Kris Sanchez says business is booming bigger than it has in a decade when it comes to construction projects in the South Bay.
The founder of Barry Swenson Builder, a San Jose general contractor, has never been busier. He has $300-million dollars in home and commercial construction projects going right now, including two hotels near Mineta San Jose International Airport and a multi-unit housing project going up at San Carlos and Meridian in the city’s Midtown neighborhood.
“During the down time, I couldn’t even get $50-million in work. I was asking my friends, re-doing barbecues and patios, almost anything to keep busy and I’m glad I did because I kept all my crews busy during the last three years,” Barry Swenson said.
His positive sentiment reflects the findings of a just-released National Association of Home Builders/Wells Fargo survey. A reading above 50 shows that builders feel more positive than negative. Today’s number was 52, the highest it’s been since the housing market collapse in 2006. As that positive sentiment news was released, the stock market shot up by more than 100 points.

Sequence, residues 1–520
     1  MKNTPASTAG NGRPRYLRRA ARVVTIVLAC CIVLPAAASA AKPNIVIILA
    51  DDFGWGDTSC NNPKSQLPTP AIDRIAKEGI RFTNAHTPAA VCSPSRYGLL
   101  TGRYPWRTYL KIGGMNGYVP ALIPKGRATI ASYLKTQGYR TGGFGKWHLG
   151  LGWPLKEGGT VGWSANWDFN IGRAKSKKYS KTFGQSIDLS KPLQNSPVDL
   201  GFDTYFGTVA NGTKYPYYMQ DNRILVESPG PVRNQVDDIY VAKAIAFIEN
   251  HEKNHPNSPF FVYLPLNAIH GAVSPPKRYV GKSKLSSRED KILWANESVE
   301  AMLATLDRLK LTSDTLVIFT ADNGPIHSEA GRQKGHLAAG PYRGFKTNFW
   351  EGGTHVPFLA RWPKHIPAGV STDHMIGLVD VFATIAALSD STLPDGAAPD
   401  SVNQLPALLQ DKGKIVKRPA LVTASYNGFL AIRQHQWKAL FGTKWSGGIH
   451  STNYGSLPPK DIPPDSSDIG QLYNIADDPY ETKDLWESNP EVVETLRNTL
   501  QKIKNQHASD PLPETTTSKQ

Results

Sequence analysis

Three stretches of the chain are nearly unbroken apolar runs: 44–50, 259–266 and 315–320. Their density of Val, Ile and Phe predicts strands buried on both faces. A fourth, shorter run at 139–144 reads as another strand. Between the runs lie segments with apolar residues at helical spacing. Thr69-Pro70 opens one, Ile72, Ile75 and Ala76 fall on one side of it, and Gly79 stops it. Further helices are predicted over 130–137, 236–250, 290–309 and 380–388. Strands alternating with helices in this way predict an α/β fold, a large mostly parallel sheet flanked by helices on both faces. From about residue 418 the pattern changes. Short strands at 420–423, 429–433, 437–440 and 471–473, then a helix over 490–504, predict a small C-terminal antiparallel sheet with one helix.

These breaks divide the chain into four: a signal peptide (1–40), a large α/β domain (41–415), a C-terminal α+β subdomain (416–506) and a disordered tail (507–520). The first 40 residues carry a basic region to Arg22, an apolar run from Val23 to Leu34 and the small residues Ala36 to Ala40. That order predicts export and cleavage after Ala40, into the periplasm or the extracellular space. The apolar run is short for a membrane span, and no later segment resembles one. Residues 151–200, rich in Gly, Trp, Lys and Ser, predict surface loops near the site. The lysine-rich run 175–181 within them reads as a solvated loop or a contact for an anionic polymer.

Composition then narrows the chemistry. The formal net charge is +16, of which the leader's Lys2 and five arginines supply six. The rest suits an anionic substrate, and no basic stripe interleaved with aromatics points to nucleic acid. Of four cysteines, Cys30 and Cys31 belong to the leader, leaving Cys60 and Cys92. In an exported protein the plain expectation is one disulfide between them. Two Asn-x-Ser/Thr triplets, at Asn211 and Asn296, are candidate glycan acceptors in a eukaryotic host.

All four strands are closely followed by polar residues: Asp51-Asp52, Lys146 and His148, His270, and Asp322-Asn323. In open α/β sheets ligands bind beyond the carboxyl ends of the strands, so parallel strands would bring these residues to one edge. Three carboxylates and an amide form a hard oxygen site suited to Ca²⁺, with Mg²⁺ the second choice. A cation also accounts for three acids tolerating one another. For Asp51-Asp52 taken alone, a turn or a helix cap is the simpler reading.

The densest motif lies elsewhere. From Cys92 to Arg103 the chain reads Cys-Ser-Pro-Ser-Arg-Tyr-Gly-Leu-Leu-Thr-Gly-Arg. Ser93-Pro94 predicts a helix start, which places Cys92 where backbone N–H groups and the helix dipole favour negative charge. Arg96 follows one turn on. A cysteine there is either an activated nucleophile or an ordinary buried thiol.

At least in San Jose, construction numbers back up the good sentiment.
San Jose says permit revenue for the fiscal year that ends this month is expected to be $27.3-million, $7-million higher than projected last July.
“We’re seeing really strong activity. The valuation for new construction for the last two years went gangbusters,” said Joe Horwedel, the City of San Jose’s Director of Planning, Building and Code Enforcement. That valuation is how much people are telling the city they’re spending on their re-models. Horwedel says in talking with the folks seeking permits, they’re feeling more financially stable.
New home construction in San Jose is also up. In 2012, the city issued permits for 186 single family homes, and more than 3,300 apartments and condos. Contrast that with the abysmal numbers for 2009 in which only 75 new homes went up and barely more than 200 apartments and condos.
Developer Michael Van Every of Republic Family of Companies said construction is good whether residential or commercial.
“The more commercial jobs you can provide, the more sustainable incomes come to a city’s general fund, more residential housing provides employers with a host of options so they can decide to stay or relocate to San Jose,” Van Every said.
City coffers are already benefiting. The permit revenue was projected at $20.6-million last July, the beginning of the fiscal year. By year’s end June 30th, it’s expected to be $7-million more than that.
The positive trend is a welcome one.
“We really like the better economy better than the lousy one,” Swenson said, laughing and adding, “It makes this life more livable.”